Critically Endangered Helmeted Hornbill Gets a Protection Boost in Thailand
March 17, 2021
Thailand has given the highest level of protection under the country’s law to the Critically Endangered Helmeted Hornbill (Rhinoplax vigil), a species heavily targeted by poachers and traffickers for its ivory-like casque.
The hornbill will be added to the ‘Reserved Wild Animal’ list under Thailand’s primary wildlife law, the Wildlife Conservation and Protection Act B.E 2562 (WARPA 2019). This is a list of rare or endangered wild animals offered the highest protection level and has the stiffest penalties for those convicted of hunting or selling them.
The decision was made on 8 March at the national wildlife conservation and protection meeting. The legal process to add the bird to this list is expected to be completed within a year.
Helmeted Hornbills were previously listed as ‘protected’: a separate category under Thai law that carries a jail term of at least 10 years or a fine of THB 1 million (about USD 32,700), or both for hunting or selling the animal. Once the upgraded protection takes effect, the penalties for hunting or selling Helmeted Hornbills will rise to 15 years in prison or a fine of up to THB 1.5 million (about USD 49,000), or both, upon conviction.
Helmeted Hornbill (Rhinoplax vigil) is listed as Critically Endangered (CR) in the IUCN Red List and listed in Appendix I of CITES*, which prohibits all commercial international trade of this species. They live in Brunei Darussalam, Indonesia, Malaysia, Myanmar, and Thailand, but they are extinct in Singapore. Their current population is decreasing. The species is heavily targeted by hunters and illegally traded for their highly prized solid horns or casques. The trade network is thought to be largely managed by organized crime, which means that trade pressure is likely to continue, eventually reaching every part of the species' range, and will be very difficult to control. (Source: IUCN Red List)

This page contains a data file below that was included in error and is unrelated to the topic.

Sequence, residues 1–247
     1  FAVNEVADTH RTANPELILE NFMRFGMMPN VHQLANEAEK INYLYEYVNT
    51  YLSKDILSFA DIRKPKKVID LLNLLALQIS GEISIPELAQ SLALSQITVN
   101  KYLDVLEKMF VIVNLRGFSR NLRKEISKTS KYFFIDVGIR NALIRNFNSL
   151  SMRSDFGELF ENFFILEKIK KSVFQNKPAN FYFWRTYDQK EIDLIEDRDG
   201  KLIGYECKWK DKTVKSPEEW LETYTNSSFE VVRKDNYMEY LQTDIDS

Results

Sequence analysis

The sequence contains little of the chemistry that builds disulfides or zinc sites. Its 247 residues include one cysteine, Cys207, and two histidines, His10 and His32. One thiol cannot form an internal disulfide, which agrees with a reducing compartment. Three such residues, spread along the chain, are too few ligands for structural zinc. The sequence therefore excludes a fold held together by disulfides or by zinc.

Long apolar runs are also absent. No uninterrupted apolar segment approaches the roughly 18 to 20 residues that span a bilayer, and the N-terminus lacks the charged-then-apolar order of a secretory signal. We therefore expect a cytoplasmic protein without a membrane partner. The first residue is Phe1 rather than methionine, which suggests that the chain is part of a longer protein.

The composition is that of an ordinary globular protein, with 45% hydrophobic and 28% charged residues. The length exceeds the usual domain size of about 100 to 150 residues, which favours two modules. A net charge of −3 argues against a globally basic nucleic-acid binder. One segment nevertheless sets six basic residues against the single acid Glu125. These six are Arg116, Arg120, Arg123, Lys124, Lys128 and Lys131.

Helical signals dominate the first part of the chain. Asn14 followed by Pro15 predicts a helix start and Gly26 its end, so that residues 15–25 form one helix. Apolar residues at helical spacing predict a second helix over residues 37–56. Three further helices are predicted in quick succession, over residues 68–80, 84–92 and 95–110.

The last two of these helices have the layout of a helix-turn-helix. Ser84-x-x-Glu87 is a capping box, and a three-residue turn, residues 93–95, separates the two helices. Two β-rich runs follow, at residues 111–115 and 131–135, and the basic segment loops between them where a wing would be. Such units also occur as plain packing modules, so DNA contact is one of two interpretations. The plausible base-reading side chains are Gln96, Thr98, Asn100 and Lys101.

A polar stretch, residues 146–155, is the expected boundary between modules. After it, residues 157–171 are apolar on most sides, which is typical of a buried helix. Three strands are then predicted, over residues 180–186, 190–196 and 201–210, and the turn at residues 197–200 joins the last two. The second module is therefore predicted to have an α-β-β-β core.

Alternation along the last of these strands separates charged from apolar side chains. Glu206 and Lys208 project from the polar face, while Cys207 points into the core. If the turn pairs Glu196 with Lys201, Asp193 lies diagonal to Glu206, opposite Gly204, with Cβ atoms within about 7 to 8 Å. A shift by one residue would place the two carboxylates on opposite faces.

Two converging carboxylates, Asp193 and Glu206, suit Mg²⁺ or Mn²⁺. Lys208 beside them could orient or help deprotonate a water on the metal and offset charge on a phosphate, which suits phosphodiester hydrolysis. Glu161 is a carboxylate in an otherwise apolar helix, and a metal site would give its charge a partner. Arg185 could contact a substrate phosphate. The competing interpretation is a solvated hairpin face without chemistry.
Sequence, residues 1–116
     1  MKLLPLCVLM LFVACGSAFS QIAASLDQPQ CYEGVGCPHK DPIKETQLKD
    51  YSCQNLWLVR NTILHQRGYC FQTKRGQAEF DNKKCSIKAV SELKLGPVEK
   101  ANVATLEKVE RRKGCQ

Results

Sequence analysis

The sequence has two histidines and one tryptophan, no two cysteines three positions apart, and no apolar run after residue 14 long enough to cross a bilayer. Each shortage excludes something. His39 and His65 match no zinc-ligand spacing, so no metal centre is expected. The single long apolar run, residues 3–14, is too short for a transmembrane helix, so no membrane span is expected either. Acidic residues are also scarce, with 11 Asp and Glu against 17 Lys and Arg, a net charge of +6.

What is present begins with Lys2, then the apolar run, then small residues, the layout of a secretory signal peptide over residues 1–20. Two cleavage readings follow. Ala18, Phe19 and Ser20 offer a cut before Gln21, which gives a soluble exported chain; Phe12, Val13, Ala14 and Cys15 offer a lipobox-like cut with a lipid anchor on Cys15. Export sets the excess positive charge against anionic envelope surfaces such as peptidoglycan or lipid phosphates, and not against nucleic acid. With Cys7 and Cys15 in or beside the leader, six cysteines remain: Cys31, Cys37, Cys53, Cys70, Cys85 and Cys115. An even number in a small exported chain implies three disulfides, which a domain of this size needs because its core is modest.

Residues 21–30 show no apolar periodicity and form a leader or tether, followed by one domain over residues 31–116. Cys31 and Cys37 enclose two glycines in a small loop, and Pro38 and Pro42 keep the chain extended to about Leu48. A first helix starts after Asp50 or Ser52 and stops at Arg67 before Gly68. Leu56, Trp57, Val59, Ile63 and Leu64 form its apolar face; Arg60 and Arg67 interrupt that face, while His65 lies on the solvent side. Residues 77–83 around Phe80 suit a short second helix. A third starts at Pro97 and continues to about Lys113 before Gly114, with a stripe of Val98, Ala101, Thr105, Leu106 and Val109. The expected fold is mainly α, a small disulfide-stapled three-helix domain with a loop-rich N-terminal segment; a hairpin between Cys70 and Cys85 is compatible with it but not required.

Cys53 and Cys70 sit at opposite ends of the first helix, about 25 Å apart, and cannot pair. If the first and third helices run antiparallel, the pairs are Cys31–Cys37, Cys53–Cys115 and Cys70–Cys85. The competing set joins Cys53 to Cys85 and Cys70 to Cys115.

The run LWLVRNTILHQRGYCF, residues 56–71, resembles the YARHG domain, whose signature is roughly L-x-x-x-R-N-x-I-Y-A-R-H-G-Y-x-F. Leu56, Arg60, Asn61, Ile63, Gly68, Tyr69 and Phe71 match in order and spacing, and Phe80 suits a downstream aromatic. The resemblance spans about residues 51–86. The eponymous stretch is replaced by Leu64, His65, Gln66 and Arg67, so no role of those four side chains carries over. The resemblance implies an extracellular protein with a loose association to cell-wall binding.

From 2010 – 2020, at least 3,697 Helmeted Hornbill casques, heads, and skulls were seized in 66 incidents by enforcement agencies in six countries and territories. Over the past decade beginning in 2010, reported seizures on Helmeted Hornbills have generally been on a downward path, with peaks recorded in 2013, 2016, and 2019. (Source: Traffic.org)